Every time someone asks me about my favourite city in Spain, I give the same answer: La Coruna. Known as one of the most attractive cities in Galicia, it is the capital of the province of A.Coruna. With its famous Roman lighthouse on the Atlantic, it is also a lesser-known outpost of the region, with just over 1,000 inhabitants and an average annual income of around 1,500 euros.
Coruna is also home to a number of established international companies, and if you are in town for business, your hotel is ideally located in one of the many hotels in the area, such as the La Coruna Hotel. The province is well connected with Madrid by train and is served from both La Coruna International Airport and Santiago. If you want to walk the Camino InglA (c) s, there is an airport in the city for the region, but you can also fly in from Santiago or take off from the port of A.Corona. Lacoruna has a port, a motorway network provides access to the rest of Spain and there are many stops along the Way of Saint James and other main roads and motorways.
The bus from La Coruna to Fisterra is faster than the one to Santiago, although Santiago Compostela is more central and better suited for exploring the west (see below). The best thing about being in the centre of the city is taking a short walk along the Camino InglA (c) or the Way of Saint James at any time of day or night, but if you are in a hurry, you can be well behaved if you are in the centre in less than an hour and leave it. In Santiago de Compostera you can stay in one of the many hotels, such as the El Reye Hotel or even the Hotel de la Paz de Santiago.
The Galician capital, which has since been moved to Santiago de Compostela, but there are some structures that represent the Roman occupation of the Iberian Peninsula, during which A. Coruna was a strategic port city that granted the Romans access to the British Isles. Nearby is an 18th century noble house, where I lived for a few years in the late 19th and early 20th centuries.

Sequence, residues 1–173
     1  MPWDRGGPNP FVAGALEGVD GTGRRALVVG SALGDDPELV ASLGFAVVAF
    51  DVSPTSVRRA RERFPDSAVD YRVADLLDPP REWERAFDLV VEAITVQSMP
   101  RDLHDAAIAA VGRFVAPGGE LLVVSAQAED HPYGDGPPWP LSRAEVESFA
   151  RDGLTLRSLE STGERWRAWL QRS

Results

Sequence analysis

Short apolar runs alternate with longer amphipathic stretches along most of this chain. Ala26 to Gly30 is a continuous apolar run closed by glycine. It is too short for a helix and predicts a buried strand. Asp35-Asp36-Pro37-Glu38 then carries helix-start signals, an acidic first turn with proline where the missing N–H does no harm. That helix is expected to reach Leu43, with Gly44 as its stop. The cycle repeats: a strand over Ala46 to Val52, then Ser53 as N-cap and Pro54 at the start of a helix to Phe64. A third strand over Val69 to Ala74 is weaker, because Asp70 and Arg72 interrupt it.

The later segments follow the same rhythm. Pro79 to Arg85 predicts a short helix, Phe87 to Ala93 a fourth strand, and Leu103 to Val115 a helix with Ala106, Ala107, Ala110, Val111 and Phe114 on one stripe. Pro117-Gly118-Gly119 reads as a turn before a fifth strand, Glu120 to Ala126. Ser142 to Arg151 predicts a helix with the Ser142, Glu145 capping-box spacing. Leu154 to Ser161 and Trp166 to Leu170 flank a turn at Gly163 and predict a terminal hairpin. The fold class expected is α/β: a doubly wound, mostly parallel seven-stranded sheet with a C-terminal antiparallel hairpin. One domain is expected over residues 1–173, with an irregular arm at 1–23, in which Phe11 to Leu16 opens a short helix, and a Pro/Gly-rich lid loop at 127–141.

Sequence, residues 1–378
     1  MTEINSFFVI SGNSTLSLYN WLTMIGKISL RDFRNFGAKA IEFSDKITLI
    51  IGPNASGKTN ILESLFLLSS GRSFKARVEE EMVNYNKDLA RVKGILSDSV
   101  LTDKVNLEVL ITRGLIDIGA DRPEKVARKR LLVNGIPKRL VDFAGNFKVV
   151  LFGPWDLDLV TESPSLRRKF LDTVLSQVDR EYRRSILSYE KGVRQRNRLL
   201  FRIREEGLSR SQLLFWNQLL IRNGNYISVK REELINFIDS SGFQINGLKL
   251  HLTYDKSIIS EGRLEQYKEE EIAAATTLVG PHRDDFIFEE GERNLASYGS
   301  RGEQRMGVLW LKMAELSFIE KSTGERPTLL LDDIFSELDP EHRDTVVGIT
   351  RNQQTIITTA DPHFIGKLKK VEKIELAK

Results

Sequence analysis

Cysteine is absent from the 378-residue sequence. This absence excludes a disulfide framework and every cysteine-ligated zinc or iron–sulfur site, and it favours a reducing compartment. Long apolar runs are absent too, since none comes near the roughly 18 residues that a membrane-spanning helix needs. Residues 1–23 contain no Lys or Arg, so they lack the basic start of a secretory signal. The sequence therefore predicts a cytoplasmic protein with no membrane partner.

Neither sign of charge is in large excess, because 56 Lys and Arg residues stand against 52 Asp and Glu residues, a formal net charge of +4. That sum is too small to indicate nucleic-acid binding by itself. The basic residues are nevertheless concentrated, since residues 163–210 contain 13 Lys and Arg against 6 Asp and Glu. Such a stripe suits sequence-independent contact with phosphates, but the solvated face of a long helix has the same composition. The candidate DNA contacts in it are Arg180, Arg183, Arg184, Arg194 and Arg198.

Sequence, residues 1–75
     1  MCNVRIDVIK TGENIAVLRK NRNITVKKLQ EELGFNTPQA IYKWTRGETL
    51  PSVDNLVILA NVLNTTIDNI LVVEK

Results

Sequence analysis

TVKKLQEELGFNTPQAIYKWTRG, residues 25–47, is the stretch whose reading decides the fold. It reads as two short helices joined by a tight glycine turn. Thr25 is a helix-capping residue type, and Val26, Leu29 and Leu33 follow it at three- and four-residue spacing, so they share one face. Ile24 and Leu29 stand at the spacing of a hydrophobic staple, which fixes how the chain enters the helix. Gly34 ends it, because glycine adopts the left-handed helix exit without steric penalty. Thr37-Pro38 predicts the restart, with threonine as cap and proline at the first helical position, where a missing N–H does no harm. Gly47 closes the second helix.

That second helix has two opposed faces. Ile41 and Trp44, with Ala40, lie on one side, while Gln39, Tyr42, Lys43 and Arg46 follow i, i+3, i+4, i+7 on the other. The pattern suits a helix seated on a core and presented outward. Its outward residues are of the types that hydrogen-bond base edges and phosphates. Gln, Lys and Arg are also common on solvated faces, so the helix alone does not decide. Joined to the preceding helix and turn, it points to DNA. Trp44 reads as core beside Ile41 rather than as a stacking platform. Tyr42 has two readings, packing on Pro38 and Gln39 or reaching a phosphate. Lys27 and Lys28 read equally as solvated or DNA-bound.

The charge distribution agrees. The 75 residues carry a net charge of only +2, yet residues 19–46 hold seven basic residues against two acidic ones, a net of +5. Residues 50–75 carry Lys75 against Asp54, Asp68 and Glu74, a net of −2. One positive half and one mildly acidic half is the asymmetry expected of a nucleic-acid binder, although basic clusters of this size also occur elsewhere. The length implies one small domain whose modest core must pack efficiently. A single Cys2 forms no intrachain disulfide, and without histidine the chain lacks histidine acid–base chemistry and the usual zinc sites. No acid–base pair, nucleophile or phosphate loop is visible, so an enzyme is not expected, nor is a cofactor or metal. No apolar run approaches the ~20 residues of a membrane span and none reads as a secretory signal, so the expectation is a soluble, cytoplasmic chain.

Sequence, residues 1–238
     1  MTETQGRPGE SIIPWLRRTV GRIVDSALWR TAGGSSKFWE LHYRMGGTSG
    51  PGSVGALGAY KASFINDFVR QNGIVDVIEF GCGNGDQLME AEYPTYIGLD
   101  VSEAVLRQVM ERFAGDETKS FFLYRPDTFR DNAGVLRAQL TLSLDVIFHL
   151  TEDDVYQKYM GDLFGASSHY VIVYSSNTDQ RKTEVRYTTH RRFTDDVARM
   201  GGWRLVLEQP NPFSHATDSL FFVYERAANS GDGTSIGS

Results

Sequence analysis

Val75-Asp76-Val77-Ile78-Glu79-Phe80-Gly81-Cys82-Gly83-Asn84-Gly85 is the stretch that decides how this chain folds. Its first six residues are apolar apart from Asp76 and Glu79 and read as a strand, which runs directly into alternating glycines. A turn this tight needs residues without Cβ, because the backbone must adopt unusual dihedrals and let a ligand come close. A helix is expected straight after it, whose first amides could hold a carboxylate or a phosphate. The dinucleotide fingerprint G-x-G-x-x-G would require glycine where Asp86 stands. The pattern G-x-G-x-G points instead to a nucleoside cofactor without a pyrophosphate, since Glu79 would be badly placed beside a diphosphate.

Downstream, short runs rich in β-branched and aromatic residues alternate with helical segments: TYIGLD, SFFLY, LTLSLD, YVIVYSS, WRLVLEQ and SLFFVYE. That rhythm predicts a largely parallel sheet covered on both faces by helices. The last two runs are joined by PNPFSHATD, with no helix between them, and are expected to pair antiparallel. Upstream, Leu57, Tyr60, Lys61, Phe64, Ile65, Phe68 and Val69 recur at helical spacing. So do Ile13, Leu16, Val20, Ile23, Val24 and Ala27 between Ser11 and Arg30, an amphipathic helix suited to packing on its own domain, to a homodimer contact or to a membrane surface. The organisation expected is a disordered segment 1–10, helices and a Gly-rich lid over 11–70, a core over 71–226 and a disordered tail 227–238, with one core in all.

At that time, the combined British and American forces, who wanted to discover and use the city, could sail on cruise ships from Coruna, which they used as an operational base for their military operations in the Mediterranean. Exploring Coruna was fun and easy, with great views of Santiago de Compostela and the Galician coast and many interesting historical sites.
Galicia has a rich history: the country was once occupied by Phoenicians, Romans and Moors. Coruna is also home to the ancient city of Santiago de Compostela, one of the oldest cities in the world, and has also been the site of a number of important archaeological sites, including the Natural History Museum of Galicia.
The city is also known for hosting one of the most important cultural events in Galicia, the Coruna Festival. There are also a number of ancient cities linked to the birth of Galicia, such as Santiago de Compostela and Santiago del Sur.
The great parliamentary chronicler was born at the end of the first century AD in Santiago de Compostela, in the city of Santiago del Sur, Galicia, Spain.
With 245,000 inhabitants, Coruna is the largest city in a region of Spain known for its rich history and cultural heritage. Santiago de Compostela, as it is often called in English, is the oldest city in Spain and full of monuments and buildings of architectural interest. There are many styles here: Roman, Baroque, Renaissance, Neoclassical, etc. Its medieval quarters are vast and host a magnificent cathedral, making it one of the most famous and famous cathedrals in the world.
The city, which is located on a distorted isthmus, can appear like a single long promenade surrounded by a series of small islands in the Mediterranean Sea, some of the largest of its kind in Spain. It is characterized by an ancient river, along which the Celts divided, and which reaches as far north as Santiago de Compostela and to the south as far as Coruna. Under the Romans it was the port of Brigantium, but its current name is probably derived from the name it knew in the Middle Ages.
Coruna is now one of the most important ports in northern Spain, exporting agricultural products, especially onions and potatoes, and importing coal, salt and industrial products.
Local gastronomy is demonstrated by the uniqueness of Galician culture; in Galicia there is not as much rice and pasta as elsewhere, and seafood is the order of the day. Spanish port city, this is expected, but it does not look like ordering a Cerveza sin in Spain. The local Estrella Galica beer is particularly refreshing on cool days and comes in a variety of flavors, from sweet and savory to bitter and bitter, with hints of citrus. This whole meal is a fortified stew made for the people of northern Spain to fight the winter cold. It is easy to have for less than 5 euros and is served with rice, pasta and a generous portion of fresh fruit and vegetables.